BBC boss confirms iTunes alternative in store
Corporation to add downloads to CD, DVD, BD range
The BBC is working on a digital content store as an alternative to Apple's iTunes.
Speaking to the Royal Television Society this week, the Corporation's Director General, Mark Thompson, confirmed that the scheme, codenamed 'Project Barcelona', will let punters "purchase a digital copy of a programme to own and keep".
The cost of each item would be "relatively modest", he promised.
The move is no great surprise. The BBC's commercial arm - BBC Worldwide, formerly BBC Enterprises - has been releasing Corporation-made content for years, first on LP, then on cassette, VHS, CD, DVD and, most recently, Blu-ray Disc. It also makes a wide selection available through iTunes and other download stores too.
The BBC has been reselling its content for years
Since the BBC also maintains its own online shop selling physical product, extending this into the digital domain is a logical step forward for the Corporation.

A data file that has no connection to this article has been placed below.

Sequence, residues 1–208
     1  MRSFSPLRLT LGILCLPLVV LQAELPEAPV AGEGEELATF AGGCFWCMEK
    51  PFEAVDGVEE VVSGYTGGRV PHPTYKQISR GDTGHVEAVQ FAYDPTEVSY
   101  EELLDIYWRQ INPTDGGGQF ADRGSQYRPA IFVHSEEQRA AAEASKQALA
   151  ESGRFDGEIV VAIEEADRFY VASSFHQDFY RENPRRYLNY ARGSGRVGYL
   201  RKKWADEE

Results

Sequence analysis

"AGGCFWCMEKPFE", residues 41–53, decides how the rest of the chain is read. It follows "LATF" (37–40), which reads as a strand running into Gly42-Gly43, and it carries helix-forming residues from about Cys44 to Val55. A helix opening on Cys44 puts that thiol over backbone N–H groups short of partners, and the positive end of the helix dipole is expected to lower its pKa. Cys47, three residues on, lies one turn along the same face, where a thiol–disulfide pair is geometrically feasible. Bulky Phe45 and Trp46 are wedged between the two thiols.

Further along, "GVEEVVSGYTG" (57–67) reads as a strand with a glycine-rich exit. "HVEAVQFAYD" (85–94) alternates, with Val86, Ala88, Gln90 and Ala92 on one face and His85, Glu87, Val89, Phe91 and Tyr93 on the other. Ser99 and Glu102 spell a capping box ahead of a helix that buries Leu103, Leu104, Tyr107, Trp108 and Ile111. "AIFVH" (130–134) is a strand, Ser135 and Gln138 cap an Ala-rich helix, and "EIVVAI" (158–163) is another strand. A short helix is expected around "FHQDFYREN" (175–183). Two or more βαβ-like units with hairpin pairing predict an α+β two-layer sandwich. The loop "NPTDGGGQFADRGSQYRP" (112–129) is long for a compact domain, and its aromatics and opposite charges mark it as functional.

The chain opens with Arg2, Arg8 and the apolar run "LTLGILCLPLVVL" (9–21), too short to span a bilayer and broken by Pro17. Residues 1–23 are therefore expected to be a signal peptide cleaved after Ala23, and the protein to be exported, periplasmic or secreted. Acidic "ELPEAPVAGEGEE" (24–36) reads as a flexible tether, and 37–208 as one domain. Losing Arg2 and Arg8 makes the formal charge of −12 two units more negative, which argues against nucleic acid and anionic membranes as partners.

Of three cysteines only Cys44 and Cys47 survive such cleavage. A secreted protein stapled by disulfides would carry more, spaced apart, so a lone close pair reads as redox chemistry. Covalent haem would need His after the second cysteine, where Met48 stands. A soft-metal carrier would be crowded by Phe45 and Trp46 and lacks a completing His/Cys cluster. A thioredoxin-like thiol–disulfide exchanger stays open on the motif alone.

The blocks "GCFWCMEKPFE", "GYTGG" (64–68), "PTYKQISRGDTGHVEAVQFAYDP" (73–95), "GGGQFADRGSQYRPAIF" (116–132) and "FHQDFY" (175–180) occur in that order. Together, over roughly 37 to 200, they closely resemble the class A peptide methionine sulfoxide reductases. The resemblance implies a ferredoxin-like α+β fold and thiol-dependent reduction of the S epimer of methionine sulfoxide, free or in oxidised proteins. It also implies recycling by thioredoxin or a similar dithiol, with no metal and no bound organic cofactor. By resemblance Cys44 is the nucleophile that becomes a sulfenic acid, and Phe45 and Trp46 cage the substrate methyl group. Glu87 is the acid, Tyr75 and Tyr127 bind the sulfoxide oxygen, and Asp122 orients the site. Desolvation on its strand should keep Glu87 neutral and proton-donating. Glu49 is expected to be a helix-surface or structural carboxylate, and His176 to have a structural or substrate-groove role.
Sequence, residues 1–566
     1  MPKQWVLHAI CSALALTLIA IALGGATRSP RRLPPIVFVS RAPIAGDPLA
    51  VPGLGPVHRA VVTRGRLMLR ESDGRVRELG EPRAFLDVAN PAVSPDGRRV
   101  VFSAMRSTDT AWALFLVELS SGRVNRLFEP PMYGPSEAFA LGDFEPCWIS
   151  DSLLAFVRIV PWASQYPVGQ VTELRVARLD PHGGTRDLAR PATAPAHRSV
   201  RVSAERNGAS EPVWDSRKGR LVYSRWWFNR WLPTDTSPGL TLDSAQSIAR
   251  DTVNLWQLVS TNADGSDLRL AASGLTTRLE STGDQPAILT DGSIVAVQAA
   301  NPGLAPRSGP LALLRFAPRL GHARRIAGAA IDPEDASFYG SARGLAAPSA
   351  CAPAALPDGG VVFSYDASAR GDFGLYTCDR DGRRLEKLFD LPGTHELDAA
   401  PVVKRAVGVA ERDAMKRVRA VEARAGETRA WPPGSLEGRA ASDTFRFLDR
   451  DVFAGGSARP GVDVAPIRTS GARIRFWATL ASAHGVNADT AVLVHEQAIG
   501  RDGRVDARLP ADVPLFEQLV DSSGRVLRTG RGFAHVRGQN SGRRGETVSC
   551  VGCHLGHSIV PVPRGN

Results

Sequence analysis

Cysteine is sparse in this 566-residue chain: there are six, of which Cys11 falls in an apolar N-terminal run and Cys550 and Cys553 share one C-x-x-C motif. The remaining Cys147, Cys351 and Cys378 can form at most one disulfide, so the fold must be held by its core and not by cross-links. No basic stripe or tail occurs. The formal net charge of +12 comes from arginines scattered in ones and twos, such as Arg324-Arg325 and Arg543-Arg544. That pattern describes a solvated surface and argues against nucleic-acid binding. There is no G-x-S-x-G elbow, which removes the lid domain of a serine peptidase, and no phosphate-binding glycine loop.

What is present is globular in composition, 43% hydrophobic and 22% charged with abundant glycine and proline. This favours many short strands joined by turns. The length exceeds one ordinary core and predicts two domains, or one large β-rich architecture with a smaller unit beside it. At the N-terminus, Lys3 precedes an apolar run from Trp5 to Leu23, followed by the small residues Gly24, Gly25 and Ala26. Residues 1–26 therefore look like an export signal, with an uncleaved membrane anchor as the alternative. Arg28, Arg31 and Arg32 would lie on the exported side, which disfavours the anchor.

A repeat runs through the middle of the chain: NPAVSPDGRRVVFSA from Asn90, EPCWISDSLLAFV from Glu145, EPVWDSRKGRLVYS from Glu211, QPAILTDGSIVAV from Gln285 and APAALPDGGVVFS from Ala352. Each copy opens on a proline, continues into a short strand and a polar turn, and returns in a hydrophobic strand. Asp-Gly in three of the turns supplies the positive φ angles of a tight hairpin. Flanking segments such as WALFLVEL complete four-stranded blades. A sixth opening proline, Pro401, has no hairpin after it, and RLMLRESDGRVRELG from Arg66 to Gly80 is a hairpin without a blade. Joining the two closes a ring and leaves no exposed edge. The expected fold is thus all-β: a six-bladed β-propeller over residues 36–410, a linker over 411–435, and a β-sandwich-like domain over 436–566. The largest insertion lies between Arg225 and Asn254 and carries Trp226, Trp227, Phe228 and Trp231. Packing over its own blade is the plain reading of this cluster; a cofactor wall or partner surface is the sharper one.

It's also a move which allows the broadcaster to more easily sell its programmes directly to a global audience.
If that helps keep future increases in licence fee, essentially a television tax, at a low level, that's no bad thing.
Thomson didn't seem to imply that Project Barcelona will sell a broader range of content than that owned or co-owned by the BBC itself. But he did say it will not offer the Corporation's content on an exclusive basis. So iTunes fans will still be able to get their Doctor Who fix there, if they wish. ®
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